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SpaceWeather.com -- News and information about meteor showers, solar flares, auroras, and near-Earth asteroids
SPACE WEATHER
Current conditions
Solar wind
speed: 374.4 km/sec
density: 3.7 protons/cm3
explanation | more data
Updated: Today at 2346 UT
X-ray Solar Flares
6-hr max: B1
1920 UT Jun07
24-hr: B1
1920 UT Jun07
explanation | more data
Updated: Today at: 2340 UT
Daily Sun: 07 Jun 10
Sunspot 1076 is rotating over the sun's western limb. Credit: SOHO/MDI
Sunspot number: 12
What is the sunspot number?
Updated 06 Jun 2010

Spotless Days
Current Stretch: 0 days
2010 total: 33 days (21%)
2009 total: 260 days (71%)
Since 2004: 801 days
Typical Solar Min: 486 days
explanation | more info
Updated 06 Jun 2010


The Radio Sun
10.7 cm flux: 68 sfu
explanation | more data
Updated 06 Jun 2010

Current Auroral Oval:
Switch to: Europe, USA, New Zealand, Antarctica
Credit: NOAA/POES
Planetary K-index
Now: Kp= 2 quiet
24-hr max: Kp= 3
quiet
explanation | more data
Interplanetary Mag. Field
Btotal: 4.2 nT
Bz: 1.9 nT north
explanation | more data
Updated: Today at 2346 UT
Coronal Holes:
A solar wind stream flowing from the indicated coronal hole should reach Earth on June 8th. Credit: SDO/AIA
SPACE WEATHER
NOAA Forecasts
Updated at: 2010 Jun 07 2201 UTC
FLARE
0-24 hr
24-48 hr
CLASS M
01 %
01 %
CLASS X
01 %
01 %
Geomagnetic Storms:
Probabilities for significant disturbances in Earth's magnetic field are given for three activity levels: active, minor storm, severe storm
Updated at: 2010 Jun 07 2201 UTC
Mid-latitudes
0-24 hr
24-48 hr
ACTIVE
50 %
50 %
MINOR
25 %
25 %
SEVERE
05 %
05 %
High latitudes
0-24 hr
24-48 hr
ACTIVE
50 %
50 %
MINOR
30 %
30 %
SEVERE
05 %
05 %
What's up in Space
June 7, 2010

NEW AND IMPROVED: Turn your iPhone or iPod Touch into a field-tested global satellite tracker. The Satellite Flybys app now works in all countries.

 

JOURNEY TO THE STARS: It's immersive, it's explosive, and best of all it's free. On June 7th, NASA will begin sending complimentary DVDs of the smash-hit planetarium show "Journey to the Stars" to teachers and students around the USA. Today's story from Science@NASA reviews the show and tells educators how to request copies.

COMET McNAUGHT: A fresh comet is swinging through the inner solar system, and it is brightening rapidly as it approaches the sun. Presenting, Comet McNaught (C/2009 R1):

Michael Jäger of Stixendorf, Austria, took the picture on June 6th using an 8-inch telescope. The comet's green atmosphere is larger than the planet Jupiter, while the long willowy ion tail stretches more than a million kilometers through space. These dimensions make the comet a fine target for backyard telescopes.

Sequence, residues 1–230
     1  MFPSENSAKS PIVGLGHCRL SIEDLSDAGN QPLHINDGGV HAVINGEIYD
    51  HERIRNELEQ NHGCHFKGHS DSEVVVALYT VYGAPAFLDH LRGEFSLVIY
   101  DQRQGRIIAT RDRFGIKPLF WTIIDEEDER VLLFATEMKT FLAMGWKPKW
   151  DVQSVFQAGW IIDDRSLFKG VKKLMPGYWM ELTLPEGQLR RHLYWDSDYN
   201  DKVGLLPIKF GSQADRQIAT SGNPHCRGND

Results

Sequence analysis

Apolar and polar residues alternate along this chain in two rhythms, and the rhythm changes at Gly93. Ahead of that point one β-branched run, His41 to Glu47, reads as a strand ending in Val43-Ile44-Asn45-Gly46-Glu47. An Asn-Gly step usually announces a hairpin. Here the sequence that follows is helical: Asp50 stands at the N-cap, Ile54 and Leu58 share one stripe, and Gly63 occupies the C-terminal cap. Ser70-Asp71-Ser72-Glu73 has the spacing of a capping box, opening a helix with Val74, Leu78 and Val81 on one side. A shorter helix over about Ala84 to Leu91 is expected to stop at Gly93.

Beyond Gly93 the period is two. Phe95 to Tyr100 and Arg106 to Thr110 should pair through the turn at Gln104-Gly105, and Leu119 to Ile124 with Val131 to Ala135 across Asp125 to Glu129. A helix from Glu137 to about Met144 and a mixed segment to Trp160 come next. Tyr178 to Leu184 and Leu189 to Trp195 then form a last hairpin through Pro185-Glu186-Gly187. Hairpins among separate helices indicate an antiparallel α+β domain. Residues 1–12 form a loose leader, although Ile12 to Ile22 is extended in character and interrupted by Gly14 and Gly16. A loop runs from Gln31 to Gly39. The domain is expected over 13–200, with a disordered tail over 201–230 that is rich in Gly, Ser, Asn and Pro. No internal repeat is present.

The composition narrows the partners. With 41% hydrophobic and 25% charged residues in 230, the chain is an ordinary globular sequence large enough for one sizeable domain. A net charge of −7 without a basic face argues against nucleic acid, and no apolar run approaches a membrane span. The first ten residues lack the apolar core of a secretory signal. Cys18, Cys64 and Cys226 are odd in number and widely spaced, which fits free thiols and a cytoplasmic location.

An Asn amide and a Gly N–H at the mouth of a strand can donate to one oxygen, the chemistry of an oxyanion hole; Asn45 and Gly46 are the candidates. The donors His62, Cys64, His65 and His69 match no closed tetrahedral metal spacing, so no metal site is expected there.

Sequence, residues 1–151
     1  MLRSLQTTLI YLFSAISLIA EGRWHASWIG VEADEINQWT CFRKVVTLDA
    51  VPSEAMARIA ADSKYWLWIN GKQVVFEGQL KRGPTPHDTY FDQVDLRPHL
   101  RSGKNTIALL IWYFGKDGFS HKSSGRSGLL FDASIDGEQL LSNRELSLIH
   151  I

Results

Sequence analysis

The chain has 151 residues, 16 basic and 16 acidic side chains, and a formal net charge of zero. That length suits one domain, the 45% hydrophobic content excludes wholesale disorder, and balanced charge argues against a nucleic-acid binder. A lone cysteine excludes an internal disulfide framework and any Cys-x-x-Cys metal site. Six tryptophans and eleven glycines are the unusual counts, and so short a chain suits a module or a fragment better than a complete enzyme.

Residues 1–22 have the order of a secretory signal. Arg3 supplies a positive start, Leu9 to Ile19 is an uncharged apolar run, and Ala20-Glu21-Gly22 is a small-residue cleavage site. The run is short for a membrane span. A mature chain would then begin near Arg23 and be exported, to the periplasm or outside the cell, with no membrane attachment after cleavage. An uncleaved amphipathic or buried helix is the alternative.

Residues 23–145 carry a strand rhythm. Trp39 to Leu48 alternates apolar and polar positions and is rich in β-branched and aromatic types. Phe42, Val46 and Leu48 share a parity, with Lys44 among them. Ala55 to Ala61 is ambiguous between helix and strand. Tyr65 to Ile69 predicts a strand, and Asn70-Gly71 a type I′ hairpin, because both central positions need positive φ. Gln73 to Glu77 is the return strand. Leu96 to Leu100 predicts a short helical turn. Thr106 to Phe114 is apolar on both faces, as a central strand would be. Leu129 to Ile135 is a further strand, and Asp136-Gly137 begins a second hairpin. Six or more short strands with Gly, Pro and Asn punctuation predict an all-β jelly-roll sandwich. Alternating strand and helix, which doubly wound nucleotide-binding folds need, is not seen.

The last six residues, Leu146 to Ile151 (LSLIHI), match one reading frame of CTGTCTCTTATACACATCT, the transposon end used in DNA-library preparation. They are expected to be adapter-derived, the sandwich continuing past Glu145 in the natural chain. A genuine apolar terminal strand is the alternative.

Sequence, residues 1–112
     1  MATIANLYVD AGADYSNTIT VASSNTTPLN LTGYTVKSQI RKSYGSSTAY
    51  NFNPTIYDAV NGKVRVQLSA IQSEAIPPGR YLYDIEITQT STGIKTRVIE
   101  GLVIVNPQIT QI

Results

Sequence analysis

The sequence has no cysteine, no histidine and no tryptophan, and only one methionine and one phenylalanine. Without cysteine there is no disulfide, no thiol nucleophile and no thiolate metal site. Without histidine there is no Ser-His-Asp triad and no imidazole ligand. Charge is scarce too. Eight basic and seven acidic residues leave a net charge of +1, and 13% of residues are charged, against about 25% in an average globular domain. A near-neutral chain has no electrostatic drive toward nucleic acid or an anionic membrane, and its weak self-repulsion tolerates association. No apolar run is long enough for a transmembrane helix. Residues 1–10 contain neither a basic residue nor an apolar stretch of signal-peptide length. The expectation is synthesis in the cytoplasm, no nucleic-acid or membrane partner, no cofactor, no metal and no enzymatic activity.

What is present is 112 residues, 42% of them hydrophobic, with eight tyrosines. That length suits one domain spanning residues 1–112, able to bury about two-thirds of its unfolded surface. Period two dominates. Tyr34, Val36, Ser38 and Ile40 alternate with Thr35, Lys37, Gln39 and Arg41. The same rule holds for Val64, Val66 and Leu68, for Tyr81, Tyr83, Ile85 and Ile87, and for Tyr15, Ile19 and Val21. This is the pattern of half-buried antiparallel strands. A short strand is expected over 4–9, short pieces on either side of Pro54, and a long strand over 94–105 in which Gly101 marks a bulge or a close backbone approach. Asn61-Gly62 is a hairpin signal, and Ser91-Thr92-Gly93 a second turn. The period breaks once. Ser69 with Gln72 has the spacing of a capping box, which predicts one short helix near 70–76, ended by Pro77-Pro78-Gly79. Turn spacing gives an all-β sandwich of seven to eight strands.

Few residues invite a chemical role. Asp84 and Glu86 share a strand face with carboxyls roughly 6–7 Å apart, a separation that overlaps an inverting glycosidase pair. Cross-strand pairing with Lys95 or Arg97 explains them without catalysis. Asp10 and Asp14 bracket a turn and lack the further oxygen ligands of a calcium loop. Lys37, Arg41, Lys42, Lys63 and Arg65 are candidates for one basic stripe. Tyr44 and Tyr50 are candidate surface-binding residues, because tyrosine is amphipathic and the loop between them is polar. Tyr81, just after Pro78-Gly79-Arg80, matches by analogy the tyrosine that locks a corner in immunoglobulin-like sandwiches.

Comet McNaught can be found low in the northeastern sky before dawn gliding through the constellation Perseus. It is brightening as it approaches Earth for a 1.13 AU close encounter on June 15th and 16th. Currently, the comet is at the threshold of naked eye visibility (5th to 6th magnitude) and could become as bright as the stars of the Big Dipper (2nd magnitude) before the end of the month. Estimates are uncertain, however, because this comet is a newcomer to the inner solar system, and thus somewhat unpredictable. Readers are encouraged to wake up before dawn and monitor developments. [sky map] [ephemeris] [3D orbit] [full story]

more images: from Primoz Cigler of Bohor, Slovenia; from Pete Lawrence of Selsey, West Sussex, UK; ; from Monika Landy-Gyebnar of Veszprem, Hungary; from Petr Horalek of Ustupky, Czech republic

BLUE STAR MEETS RED PLANET: There's a new "double star" in the evening sky. Bright blue Regulus is having a 1o close encounter with Mars. Look for the pair almost due west after sunset. Here, Tamas Ladanyi points them out from the shores of Fertő/Neusiedlersee Lake, a UNESCO World Heritage Area in Hungary:

"Both the planet and the star are about the same brightness, but the color contrast is absolutely wonderful," notes astrophotographer Pete Lawrence of Selsey UK. "An exquisite sight with the naked eye, binoculars or low power in a telescope - catch it while it lasts!"

more images: from Pete Lawrence of Selsey, West Sussex, UK; from Tamas Ladanyi of Fertő/Neusiedlersee World Heritage Area, Hungary; from Jens Hackmann of Weikersheim, Germany; from Domenico Licchelli of Gagliano del Capo, Italy; from Luca Basili of Rome, Italy; from Sylvain Weiller of Saint Rémy lès Chevreuse, France;


May 2010 Aurora Gallery
[previous Mays: 2008, 2005, 2004, 2003, 2002] [aurora alerts]

 
       
Near-Earth Asteroids
Potentially Hazardous Asteroids (PHAs) are space rocks larger than approximately 100m that can come closer to Earth than 0.05 AU. None of the known PHAs is on a collision course with our planet, although astronomers are finding new ones all the time.
On June 7, 2010 there were 1127 potentially hazardous asteroids.
May 2010 Earth-asteroid encounters:
Asteroid
Date(UT)
Miss Distance
Mag.
Size
2010 JR34
May 14
5.8 LD
21
12 m
2003 HR32
May 17
55.2 LD
17
1.0 km
2010 JN71
May 26
8.2 LD
18
245 m
Notes: LD means "Lunar Distance." 1 LD = 384,401 km, the distance between Earth and the Moon. 1 LD also equals 0.00256 AU. MAG is the visual magnitude of the asteroid on the date of closest approach.
Essential Links
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  Realtime and archival images of the Sun from SOHO.
STEREO
  3D views of the sun from NASA's Solar and Terrestrial Relations Observatory
Daily Sunspot Summaries
  from the NOAA Space Environment Center
Current Solar Images
  from the National Solar Data Analysis Center
Science Central
   
  more links...
   
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